“With much work and support from the government in promoting cruise tourism in this country, we now see the benefits of cruise tourism,” said Heni Dembis, coordinator of policy and planning, Tourism Promotion Authority.
“PNG is so diverse with fascinating cultures, people who speak almost 800 languages, virgin rainforest and pristine white sandy beaches.”
The government has been busy making it easy for cruise calls, easing various regulations including entry visas, and offering a 50 percent discount on pilot fees. New jetties and wharves in Milne Bay Province were also recently installed at Alotau, Kaibola and Kitava.
Dembis said he had been working with Carnival Australia since 2011 to develop the market for cruise ships, with the first one arriving in late 2013 (the Pacific Dawn).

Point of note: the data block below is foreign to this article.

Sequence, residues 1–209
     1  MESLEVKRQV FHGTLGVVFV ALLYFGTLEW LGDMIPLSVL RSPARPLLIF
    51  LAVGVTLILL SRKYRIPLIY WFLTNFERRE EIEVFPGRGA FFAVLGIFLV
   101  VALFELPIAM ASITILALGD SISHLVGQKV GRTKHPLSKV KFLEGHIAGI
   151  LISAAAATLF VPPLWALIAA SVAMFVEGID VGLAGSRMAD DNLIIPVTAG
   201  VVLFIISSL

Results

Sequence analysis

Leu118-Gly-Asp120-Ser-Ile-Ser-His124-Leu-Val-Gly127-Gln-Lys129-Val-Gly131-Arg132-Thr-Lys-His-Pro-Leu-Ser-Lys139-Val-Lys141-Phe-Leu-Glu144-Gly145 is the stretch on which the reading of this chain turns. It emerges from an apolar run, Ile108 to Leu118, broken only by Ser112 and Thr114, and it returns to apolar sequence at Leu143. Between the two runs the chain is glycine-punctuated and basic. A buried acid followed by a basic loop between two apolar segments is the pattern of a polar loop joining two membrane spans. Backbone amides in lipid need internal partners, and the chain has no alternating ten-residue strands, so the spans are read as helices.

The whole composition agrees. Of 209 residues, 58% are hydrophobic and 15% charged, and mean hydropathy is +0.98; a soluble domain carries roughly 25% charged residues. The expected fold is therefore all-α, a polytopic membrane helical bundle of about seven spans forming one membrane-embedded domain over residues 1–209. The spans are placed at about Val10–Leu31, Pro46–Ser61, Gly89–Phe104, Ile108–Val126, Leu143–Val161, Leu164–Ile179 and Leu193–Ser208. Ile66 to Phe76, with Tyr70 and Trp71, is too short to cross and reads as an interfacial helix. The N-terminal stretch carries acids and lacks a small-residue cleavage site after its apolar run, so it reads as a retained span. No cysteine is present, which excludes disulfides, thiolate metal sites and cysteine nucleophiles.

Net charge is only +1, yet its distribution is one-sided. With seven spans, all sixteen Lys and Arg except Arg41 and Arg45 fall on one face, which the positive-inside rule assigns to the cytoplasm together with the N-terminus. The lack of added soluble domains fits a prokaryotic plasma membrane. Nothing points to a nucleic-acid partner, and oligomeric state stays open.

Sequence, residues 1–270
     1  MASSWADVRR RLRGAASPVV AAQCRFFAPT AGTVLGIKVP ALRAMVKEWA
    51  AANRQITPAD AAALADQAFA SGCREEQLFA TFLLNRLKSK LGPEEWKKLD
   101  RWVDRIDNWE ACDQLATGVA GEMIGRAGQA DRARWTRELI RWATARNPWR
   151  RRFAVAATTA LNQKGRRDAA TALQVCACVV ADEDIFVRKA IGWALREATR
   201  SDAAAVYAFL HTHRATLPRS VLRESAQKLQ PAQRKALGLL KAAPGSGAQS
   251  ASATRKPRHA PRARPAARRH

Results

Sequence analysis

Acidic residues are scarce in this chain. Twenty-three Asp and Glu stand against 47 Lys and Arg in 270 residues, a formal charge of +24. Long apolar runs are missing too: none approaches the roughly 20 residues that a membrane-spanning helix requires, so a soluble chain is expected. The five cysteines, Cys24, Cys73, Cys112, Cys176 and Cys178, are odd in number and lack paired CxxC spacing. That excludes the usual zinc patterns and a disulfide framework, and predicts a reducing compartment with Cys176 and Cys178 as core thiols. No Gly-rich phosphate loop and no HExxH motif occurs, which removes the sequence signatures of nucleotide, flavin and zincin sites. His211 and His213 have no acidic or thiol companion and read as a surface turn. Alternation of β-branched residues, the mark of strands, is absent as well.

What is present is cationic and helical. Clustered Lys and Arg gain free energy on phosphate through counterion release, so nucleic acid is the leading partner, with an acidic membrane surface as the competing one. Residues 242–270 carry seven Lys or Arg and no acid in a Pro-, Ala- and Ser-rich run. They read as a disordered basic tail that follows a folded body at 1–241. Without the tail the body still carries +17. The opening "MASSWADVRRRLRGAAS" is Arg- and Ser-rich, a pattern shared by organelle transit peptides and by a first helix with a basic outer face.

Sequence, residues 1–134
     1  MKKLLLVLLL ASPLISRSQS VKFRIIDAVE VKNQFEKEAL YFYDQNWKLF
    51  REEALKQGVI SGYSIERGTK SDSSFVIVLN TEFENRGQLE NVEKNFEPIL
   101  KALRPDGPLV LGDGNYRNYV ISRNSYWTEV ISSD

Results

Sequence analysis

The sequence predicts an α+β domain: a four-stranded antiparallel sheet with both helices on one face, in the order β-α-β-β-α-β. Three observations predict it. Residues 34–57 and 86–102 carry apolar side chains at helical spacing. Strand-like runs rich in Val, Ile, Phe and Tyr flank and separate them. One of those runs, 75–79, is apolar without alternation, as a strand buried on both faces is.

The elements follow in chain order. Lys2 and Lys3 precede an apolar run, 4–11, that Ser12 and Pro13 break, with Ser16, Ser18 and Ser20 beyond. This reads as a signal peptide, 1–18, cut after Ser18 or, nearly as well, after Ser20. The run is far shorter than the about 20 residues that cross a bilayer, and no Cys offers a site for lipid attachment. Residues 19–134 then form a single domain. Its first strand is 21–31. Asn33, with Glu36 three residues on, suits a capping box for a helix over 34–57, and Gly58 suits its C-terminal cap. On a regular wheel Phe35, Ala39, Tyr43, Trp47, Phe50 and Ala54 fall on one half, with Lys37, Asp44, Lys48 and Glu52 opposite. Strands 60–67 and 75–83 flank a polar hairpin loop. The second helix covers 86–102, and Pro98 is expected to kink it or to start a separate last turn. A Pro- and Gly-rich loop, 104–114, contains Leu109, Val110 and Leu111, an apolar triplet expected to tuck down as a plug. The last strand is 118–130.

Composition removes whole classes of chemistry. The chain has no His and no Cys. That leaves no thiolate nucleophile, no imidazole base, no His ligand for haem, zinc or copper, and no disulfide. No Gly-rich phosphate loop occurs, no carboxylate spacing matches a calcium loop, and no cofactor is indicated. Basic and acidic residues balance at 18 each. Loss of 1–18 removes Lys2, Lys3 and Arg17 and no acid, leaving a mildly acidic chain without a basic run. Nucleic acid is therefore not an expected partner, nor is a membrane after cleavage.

“We have developed facilities like a wharf extension in Alotau, building of new jetties in Kitava and Kaibola, public amenities in Alotau, footpaths, rubbish/trash bins and more,” he said. “These were in place and delivered to Carnival’s expectations.”
In February P&O will add two more PNG ports in Kavieng and Madang, making it seven ports of call in PNG, and more on the way.